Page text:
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Mol. Cells 2013; 35(2): 115-124

Published online February 28, 2013

https://doi.org/10.1007/s10059-013-2190-3

© The Korean Society for Molecular and Cellular Biology

Lipoteichoic Acid Isolated from Lactobacillus plantarum Suppresses LPS-Mediated Atherosclerotic Plaque Inflammation

Joo Yun Kim, Hangeun Kim, Bong Jun Jung, Na-Ra Kim, Jeong Euy Park, and Dae Kyun Chung

1Graduate School of Biotechnology and Institute of Life Science and Resources, Kyung Hee University, Yongin 449-701, Korea, 2Department of Internal Medicine, Saint Louis University, St. Louis, MO 63104, USA, 3Division of Cardiology, Samsung Medical Center and Samsung Biomedical Research Institute, Sungkyunkwan University School of Medicine, Seoul 135-710, Korea, 4Skin Biotechnology Center, Kyung Hee University, Yongin 449-701, Korea, 5These authors contributed equally to this work.

Received: July 27, 2012; Revised: November 21, 2012; Accepted: November 21, 2012

Abstract

Chronic inflammation plays an important role in atherogenesis. Experimental studies have demonstrated the accumulation of monocytes/macrophages in athero-sclerotic plaques caused by inflammation. Here, we report the inhibitory effects of lipoteichoic acid (LTA) from Lactobacillus plantarum (pLTA) on atherosclerotic inflammation. pLTA inhibited the production of proinflammatory cytokines and nitric oxide in lipopolysaccharide (LPS)-stimu-lated cells and alleviated THP-1 cell adhesion to HUVEC by down-regulation of adhesion molecules such as intracellular adhesion molecule-1 (ICAM-I), vascular cell adhesion molecule-1 (VCAM-1), and E-selectin. The inhibitory effect of pLTA was mediated by inhibition of NF-?B and activation of MAP kinases. Inhibition of monocyte/macrophage infil-tration to the arterial lumen was shown in pLTA-injected ApoE-/- mice, which was concurrent with inhibition of MMP-9 and preservation of CD31 production. The anti-inflammatory effect mediated by pLTA decreased expres-sion of atherosclerotic markers such as COX-2, Bax, and HSP27 and also cell surface receptors such as TLR4 and CCR7. Together, these results underscore the role of pLTA in suppressing atherosclerotic plaque inflammation and will help in identifying targets with therapeutic potential against pathogen-mediated atherogenesis.

Keywords ApoE, atherosclerosis, cytokine, Lactobacillus, lipoteichoic acid, inflammation

Article

Research Article

Mol. Cells 2013; 35(2): 115-124

Published online February 28, 2013 https://doi.org/10.1007/s10059-013-2190-3

Copyright © The Korean Society for Molecular and Cellular Biology.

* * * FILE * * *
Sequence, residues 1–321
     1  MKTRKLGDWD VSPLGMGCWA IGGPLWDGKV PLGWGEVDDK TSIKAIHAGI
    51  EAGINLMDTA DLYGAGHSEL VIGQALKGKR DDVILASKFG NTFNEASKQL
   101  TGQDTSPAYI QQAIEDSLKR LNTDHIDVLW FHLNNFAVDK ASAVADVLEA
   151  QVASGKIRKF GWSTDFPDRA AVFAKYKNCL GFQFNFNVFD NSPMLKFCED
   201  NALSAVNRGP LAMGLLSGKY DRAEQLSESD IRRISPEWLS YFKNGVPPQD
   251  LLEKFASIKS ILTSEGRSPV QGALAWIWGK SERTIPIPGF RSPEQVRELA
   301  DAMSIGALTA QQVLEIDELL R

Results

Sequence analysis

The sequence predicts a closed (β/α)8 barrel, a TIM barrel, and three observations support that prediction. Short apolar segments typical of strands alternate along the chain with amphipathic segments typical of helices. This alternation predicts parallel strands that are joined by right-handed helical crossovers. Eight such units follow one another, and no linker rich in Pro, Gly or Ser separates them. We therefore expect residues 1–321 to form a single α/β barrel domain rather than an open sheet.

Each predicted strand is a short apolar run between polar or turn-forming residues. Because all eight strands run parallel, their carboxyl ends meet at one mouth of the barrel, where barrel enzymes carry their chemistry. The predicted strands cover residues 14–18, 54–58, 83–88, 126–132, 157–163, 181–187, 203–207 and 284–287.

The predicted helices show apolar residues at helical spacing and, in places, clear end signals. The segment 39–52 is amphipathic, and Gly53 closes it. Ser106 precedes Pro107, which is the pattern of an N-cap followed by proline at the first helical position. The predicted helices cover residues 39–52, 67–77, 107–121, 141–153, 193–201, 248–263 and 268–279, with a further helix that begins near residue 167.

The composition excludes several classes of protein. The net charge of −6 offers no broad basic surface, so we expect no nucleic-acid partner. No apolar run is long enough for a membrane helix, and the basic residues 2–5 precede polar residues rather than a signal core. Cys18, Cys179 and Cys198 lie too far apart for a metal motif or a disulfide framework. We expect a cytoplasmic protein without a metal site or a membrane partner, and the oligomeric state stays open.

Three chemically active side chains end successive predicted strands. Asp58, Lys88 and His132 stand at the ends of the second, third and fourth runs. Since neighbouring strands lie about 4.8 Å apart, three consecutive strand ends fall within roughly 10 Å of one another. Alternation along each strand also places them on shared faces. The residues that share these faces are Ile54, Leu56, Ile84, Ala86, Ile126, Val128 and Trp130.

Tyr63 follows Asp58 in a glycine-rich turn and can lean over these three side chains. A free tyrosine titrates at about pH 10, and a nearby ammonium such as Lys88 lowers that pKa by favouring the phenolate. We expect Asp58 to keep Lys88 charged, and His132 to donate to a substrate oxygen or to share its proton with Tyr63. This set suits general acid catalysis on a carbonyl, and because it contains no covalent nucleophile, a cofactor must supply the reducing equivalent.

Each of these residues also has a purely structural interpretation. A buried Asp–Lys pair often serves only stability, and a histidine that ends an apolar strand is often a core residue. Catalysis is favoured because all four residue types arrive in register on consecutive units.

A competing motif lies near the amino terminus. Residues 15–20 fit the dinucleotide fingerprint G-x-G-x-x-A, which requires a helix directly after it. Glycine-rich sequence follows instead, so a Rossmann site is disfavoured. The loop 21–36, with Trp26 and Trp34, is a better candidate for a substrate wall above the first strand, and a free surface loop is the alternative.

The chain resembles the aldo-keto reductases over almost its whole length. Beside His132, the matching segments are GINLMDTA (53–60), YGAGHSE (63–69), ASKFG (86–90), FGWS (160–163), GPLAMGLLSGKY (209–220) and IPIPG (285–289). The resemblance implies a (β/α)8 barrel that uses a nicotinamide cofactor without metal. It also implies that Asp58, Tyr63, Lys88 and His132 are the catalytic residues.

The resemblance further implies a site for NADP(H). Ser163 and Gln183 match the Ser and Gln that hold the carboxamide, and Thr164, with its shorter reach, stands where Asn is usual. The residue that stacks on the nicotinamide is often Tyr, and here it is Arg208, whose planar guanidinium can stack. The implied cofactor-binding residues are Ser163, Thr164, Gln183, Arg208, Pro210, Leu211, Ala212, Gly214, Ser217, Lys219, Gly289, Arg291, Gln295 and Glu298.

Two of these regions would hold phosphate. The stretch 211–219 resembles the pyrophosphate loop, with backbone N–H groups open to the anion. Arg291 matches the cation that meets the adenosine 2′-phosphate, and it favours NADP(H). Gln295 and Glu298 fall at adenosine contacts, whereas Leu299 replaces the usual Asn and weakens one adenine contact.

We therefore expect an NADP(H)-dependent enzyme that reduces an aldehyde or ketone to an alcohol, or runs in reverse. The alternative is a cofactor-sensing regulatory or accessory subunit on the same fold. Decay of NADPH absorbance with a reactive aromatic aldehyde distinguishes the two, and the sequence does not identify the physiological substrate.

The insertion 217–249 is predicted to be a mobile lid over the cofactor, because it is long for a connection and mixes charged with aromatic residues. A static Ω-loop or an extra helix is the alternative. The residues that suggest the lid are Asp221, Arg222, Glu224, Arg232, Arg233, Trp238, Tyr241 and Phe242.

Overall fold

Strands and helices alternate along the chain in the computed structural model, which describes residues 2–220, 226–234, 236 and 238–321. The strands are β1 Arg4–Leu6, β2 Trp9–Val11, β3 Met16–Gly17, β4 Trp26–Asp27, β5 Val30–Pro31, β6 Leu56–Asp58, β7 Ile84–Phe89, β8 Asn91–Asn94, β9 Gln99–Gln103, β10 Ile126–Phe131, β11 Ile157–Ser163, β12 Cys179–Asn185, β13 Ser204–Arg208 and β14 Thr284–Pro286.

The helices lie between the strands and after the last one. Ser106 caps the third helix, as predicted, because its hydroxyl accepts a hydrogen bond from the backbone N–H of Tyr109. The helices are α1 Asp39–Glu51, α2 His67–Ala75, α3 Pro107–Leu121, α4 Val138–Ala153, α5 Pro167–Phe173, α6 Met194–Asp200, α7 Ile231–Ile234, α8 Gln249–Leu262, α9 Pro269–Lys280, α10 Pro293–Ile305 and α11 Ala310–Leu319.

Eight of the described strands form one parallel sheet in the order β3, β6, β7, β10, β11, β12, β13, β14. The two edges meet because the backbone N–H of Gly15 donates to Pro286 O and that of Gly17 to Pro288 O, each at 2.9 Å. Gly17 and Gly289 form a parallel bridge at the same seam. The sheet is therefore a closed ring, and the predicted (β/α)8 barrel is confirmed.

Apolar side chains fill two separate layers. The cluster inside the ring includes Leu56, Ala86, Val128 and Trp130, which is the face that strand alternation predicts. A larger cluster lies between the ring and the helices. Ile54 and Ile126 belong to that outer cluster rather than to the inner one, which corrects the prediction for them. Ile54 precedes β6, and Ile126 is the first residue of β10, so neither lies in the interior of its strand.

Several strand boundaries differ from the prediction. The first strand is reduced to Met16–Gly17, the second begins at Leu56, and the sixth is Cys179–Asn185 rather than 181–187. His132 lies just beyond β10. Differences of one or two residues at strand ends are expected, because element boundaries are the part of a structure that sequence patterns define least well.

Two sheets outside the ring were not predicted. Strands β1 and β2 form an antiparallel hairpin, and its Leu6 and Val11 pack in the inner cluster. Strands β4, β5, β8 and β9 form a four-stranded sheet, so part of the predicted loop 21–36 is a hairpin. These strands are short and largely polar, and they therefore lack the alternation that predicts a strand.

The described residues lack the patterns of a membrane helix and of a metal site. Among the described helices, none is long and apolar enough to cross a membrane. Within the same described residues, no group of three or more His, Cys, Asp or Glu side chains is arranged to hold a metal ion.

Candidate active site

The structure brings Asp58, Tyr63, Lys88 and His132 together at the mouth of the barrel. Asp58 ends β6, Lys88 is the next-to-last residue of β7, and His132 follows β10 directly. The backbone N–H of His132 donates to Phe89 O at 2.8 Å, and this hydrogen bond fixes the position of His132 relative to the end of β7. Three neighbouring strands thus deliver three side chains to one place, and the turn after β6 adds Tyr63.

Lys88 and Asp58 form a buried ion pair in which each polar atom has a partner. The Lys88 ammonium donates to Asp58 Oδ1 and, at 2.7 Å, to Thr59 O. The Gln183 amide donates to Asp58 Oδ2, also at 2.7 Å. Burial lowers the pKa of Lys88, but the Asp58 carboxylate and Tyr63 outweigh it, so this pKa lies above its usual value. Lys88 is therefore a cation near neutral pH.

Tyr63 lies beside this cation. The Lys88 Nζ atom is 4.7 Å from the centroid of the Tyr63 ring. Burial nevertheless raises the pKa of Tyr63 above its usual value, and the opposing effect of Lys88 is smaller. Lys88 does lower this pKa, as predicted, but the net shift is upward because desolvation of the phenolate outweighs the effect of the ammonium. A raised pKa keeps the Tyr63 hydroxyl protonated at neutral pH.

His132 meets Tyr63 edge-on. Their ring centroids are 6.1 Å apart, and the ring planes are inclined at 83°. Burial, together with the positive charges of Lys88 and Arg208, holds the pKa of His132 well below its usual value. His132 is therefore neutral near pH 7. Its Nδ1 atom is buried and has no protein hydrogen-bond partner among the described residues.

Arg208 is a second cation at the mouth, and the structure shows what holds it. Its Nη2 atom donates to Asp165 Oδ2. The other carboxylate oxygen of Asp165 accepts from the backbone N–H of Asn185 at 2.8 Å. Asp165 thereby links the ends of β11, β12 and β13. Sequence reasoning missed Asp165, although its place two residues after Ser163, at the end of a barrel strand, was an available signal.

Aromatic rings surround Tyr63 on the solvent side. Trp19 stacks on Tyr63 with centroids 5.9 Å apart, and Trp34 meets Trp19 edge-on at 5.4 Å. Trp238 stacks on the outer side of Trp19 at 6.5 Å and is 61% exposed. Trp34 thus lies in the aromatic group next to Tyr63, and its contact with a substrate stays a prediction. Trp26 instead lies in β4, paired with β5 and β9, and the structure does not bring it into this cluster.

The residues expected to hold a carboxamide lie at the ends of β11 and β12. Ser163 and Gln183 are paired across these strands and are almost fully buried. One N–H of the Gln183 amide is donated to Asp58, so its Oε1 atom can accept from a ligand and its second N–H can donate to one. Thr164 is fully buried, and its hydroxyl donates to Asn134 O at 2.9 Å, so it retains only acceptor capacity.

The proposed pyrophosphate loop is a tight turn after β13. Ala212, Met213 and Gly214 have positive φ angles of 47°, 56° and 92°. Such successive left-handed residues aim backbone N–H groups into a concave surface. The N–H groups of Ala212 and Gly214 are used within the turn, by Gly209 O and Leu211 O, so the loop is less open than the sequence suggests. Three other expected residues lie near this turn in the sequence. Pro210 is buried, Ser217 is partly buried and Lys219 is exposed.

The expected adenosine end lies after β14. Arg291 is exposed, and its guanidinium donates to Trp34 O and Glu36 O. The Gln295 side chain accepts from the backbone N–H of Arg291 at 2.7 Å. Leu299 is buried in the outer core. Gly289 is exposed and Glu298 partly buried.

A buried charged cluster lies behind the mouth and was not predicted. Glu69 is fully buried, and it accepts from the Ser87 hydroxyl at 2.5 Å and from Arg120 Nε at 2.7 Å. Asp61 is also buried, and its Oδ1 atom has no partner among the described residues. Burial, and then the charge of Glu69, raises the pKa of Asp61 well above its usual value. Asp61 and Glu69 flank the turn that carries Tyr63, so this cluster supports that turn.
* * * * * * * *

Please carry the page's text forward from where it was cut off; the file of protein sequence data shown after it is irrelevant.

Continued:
Lipoteichoic Acid Isolated from Lactobacillus plantarum Suppresses LPS-Mediated Atherosclerotic Plaque Inflammation

Joo Yun Kim, Hangeun Kim, Bong Jun Jung, Na-Ra Kim, Jeong Euy Park, and Dae Kyun Chung

1Graduate School of Biotechnology and Institute of Life Science and Resources, Kyung Hee University, Yongin 449-701, Korea, 2Department of Internal Medicine, Saint Louis University, St. Louis, MO 63104, USA, 3Division of Cardiology, Samsung Medical Center and Samsung Biomedical Research Institute, Sungkyunkwan University School of Medicine, Seoul 135-710, Korea, 4Skin Biotechnology Center, Kyung Hee University, Yongin 449-701, Korea, 5These authors contributed equally to this work.

Received: July 27, 2012; Revised: November 21, 2012; Accepted: November 21, 2012

Abstract

Chronic inflammation plays an important role in atherogenesis. Experimental studies have demonstrated the accumulation of monocytes/macrophages in athero-sclerotic plaques caused by inflammation. Here, we report the inhibitory effects of lipoteichoic acid (LTA) from Lactobacillus plantarum (pLTA) on atherosclerotic inflammation. pLTA inhibited the production of proinflammatory cytokines and nitric oxide in lipopolysaccharide (LPS)-stimu-lated cells and alleviated THP-1 cell adhesion to HUVEC by down-regulation of adhesion molecules such as intracellular adhesion molecule-1 (ICAM-I), vascular cell adhesion molecule-1 (VCAM-1), and E-selectin. The inhibitory effect of pLTA was mediated by inhibition of NF-?B and activation of MAP kinases. Inhibition of monocyte/macrophage infil-tration to the arterial lumen was shown in pLTA-injected ApoE-/- mice, which was concurrent with inhibition of MMP-9 and preservation of CD31 production. The anti-inflammatory effect mediated by pLTA decreased expres-sion of atherosclerotic markers such as COX-2, Bax, and HSP27 and also cell surface receptors such as TLR4 and CCR7. Together, these results underscore the role of pLTA in suppressing atherosclerotic plaque inflammation and will help in identifying targets with therapeutic potential against pathogen-mediated atherogenesis.

Keywords: ApoE, atherosclerosis, cytokine, Lactobacillus, lipoteichoic acid, inflammation

Mol. Cells
Nov 30, 2022 Vol.45 No.11, pp. 763~867
COVER PICTURE
Naive (cyan) and axotomized (magenta) retinal ganglion cell axons in Xenopus tropicalis (Choi et al., pp. 846-854).

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